Data Loss Prevention – Best Practices and Common DLP Mistakes

Businesses today generate astounding amounts of data just to run everyday functions and keep up with their competitors. Over the last decade, the world has experienced explosive growth in data on a scale that would have seemed unfathomable in the past. To put into perspective just how much data we're talking about, consider the latest data from the IDC's Global DataSphere study. The IDC estimates that global data creation and replication will reach an eye-watering 181 zettabytes in 2025, up from 64.2 zettabytes in 2020. One zettabyte is the storage equivalent to 30 billion 4K movies.  

However, while this explosive growth has undoubtedly supported rapid technological expansion, it comes at a cost. The more data you have, the more information you need to protect and manage. And failure to safeguard data leads to costly data breaches.  

No business, regardless of size, is immune to data breaches. With this in mind, preventing data loss or leakage is now a vital priority for modern businesses. Cybersecurity is no longer a like-to-have; it's a must-have. This is where data loss prevention (DLP) strategies come in. A DLP strategy aims to improve information security and protect from data breaches by utilizing a combination of robust tools and policies.  

To implement a DLP strategy that successfully keeps the business's network safe from bad actors, companies need to know what to focus on and how to avoid common pitfalls.  

Best Practices for Successful DLP Strategies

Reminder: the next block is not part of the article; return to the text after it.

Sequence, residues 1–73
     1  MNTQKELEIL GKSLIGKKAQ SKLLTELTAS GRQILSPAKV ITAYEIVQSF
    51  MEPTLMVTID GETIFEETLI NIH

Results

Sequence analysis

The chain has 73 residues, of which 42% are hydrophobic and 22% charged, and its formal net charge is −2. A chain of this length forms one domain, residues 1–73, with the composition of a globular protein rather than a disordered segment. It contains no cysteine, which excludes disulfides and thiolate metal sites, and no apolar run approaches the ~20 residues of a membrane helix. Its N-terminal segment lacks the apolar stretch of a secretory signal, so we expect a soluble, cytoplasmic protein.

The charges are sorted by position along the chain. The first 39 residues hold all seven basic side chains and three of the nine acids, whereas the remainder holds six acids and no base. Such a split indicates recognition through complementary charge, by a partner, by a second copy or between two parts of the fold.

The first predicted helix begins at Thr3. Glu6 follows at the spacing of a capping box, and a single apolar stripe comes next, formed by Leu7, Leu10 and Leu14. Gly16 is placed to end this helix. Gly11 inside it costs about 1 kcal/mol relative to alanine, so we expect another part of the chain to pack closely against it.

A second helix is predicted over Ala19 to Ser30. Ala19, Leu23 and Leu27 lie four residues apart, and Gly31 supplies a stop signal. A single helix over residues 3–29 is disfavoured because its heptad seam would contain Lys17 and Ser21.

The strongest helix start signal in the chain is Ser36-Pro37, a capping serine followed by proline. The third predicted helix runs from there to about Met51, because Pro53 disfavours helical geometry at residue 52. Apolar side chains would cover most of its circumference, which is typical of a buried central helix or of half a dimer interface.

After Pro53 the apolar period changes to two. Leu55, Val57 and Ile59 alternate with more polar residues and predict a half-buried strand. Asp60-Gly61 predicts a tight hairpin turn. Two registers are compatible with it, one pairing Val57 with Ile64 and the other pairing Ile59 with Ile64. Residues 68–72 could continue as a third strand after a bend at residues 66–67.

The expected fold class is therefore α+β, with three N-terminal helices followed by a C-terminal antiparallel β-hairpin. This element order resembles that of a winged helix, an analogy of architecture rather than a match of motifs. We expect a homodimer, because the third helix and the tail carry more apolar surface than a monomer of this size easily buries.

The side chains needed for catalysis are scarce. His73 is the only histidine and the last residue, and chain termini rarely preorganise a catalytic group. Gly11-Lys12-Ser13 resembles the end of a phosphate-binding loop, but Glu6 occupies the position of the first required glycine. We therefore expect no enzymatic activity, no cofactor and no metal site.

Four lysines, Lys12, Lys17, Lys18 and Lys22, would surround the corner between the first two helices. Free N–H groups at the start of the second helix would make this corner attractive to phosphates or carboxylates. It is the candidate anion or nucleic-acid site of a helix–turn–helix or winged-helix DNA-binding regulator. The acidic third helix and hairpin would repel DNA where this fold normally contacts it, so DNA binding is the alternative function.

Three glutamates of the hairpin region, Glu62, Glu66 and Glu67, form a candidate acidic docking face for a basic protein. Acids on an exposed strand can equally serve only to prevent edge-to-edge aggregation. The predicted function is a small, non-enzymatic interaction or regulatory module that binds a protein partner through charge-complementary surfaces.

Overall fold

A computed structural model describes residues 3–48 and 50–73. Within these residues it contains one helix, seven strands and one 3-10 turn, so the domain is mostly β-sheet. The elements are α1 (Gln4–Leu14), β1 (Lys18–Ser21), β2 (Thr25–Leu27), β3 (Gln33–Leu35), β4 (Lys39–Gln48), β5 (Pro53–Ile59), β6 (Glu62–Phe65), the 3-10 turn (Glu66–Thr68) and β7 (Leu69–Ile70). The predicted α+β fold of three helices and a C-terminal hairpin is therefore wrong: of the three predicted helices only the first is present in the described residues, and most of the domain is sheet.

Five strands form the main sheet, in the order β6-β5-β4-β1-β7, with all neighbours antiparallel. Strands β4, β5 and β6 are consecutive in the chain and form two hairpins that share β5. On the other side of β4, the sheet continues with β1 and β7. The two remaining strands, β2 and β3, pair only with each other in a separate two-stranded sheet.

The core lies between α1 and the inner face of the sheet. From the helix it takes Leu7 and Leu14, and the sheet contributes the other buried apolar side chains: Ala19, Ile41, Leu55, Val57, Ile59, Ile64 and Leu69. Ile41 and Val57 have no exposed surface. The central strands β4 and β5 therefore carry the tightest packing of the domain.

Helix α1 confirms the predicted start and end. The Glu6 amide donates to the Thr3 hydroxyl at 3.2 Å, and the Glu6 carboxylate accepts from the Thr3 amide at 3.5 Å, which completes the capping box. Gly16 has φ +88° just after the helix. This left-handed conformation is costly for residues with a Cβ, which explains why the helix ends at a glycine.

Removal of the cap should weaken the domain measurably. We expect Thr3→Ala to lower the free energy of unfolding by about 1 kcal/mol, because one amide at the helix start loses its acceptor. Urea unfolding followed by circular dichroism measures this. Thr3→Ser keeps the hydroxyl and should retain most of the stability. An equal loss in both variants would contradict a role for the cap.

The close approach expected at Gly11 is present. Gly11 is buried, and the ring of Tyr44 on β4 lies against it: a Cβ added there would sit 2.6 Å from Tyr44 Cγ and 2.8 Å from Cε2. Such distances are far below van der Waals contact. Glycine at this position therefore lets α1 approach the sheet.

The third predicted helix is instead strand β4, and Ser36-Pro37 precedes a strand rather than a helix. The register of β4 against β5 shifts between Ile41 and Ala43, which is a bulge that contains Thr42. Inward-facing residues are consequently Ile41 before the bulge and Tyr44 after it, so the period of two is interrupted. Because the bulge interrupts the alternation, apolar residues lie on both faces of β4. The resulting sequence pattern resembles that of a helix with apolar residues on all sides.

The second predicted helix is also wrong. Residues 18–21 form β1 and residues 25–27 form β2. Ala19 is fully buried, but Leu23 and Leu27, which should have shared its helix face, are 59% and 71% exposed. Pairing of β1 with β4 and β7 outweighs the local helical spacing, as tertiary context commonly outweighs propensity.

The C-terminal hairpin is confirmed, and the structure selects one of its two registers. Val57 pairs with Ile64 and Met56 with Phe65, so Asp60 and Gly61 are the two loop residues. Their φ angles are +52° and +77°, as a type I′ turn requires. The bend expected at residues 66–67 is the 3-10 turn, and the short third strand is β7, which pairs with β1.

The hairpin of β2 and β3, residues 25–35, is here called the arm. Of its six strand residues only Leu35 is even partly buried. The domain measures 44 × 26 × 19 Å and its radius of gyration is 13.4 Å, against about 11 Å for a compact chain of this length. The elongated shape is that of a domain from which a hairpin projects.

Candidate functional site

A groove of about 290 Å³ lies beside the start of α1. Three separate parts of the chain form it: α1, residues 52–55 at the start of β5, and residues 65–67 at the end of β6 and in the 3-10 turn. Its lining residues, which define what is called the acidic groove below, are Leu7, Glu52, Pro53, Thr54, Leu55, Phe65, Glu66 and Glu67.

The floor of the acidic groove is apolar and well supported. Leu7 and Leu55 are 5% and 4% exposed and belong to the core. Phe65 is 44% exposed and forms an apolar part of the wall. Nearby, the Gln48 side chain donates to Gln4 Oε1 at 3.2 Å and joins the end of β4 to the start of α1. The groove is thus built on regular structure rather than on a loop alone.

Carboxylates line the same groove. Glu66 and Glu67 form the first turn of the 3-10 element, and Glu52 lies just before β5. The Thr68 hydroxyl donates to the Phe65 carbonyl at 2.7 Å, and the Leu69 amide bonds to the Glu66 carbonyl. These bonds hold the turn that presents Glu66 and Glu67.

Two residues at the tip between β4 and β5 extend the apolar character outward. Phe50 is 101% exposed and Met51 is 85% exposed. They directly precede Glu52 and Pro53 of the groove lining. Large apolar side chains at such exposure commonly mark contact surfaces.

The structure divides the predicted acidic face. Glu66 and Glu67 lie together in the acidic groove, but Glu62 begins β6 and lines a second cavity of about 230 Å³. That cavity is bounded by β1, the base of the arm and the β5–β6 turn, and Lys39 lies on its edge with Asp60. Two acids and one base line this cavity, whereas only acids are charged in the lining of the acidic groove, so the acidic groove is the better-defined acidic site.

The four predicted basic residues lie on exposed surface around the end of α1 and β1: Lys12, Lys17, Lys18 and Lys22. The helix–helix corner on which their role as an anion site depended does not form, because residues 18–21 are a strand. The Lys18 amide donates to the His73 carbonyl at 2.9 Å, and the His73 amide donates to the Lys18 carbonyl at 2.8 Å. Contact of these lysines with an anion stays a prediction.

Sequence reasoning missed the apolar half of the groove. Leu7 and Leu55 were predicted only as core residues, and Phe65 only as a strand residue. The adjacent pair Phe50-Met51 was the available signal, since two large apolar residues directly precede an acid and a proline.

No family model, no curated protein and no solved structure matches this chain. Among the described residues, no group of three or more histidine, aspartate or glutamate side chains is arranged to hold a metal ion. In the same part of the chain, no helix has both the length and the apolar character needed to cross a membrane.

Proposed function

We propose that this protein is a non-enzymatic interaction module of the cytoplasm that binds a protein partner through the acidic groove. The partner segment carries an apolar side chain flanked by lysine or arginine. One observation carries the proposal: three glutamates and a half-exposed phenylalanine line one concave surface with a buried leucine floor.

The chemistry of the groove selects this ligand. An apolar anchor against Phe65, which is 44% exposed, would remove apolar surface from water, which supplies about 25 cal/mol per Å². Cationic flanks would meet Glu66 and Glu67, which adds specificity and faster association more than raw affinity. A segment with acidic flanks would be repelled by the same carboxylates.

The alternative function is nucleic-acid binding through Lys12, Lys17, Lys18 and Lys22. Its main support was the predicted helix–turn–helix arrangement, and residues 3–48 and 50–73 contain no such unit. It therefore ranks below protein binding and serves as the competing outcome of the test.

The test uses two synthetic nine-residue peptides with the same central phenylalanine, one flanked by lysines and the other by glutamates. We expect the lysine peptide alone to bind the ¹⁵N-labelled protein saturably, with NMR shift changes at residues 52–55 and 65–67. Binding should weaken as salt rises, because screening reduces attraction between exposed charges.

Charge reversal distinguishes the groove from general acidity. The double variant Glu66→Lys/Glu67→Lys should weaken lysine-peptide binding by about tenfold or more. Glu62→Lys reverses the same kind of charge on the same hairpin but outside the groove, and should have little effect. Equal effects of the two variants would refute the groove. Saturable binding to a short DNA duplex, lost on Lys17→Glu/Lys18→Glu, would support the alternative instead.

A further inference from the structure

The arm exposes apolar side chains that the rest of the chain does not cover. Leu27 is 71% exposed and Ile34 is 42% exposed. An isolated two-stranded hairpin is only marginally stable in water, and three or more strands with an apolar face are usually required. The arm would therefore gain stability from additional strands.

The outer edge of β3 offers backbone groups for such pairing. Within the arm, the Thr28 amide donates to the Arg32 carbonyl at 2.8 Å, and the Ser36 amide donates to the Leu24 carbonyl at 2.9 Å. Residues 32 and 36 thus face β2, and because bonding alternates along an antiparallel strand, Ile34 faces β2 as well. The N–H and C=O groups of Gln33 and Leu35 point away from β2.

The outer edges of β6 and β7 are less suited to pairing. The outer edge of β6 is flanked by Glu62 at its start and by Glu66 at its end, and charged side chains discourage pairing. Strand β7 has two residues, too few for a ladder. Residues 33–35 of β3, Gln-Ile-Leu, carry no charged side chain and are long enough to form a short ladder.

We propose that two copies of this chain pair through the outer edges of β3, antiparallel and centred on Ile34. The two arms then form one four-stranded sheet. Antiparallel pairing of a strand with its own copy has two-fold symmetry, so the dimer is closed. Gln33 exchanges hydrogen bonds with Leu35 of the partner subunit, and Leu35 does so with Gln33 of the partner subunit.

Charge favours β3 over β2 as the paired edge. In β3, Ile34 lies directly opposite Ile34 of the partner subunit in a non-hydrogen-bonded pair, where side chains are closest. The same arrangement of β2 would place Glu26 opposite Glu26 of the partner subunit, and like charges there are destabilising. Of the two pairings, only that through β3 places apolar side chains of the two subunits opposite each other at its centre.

Protecting the Most Sensitive Data First 

Not all data is equally sensitive or important. For example, intellectual property like trade secrets, blueprints, upcoming patents, and other intangible assets can be crucial to your company's success, while this week's PDF menu for the cafeteria is not. Equally, some employee and customer data are more sensitive than others. For example, Social Security Numbers (SSNs), credit card information, taxpayer-identification numbers deserve more protection than linkable (but not identifiable) information like gender or non-specific age (20-30 instead of 25).  

Companies should determine the specific information they want to protect first. A sound basis for criteria is any information that presents the most significant risk to the business if exposed or locked in the case of a ransomware attack.  

Classifying Data 

After identifying the most sensitive and critical data in your company, it's a good idea to classify all other data. By evaluating risk factors and sensitivity, you can begin to implement a comprehensive information security strategy.  

The first step in classifying data is determining where all your data resides. For example, how much and what kind of data do you have in databases, cloud storage, email, shared network drives, and so on.  

Utilize Automation and Anomaly Detection 

Manual processes are time-consuming and worryingly vulnerable to human error. By contrast, by choosing a DLP solution that utilizes automation, you can apply processes more broadly and accurately across the organization. Additionally, many DLP solutions today use machine learning and behavioral analytics to identify unusual activity. This allows the company to establish several baselines for "normal" activity rather than broadly applying rules that don't apply to every user.  

Archiving Data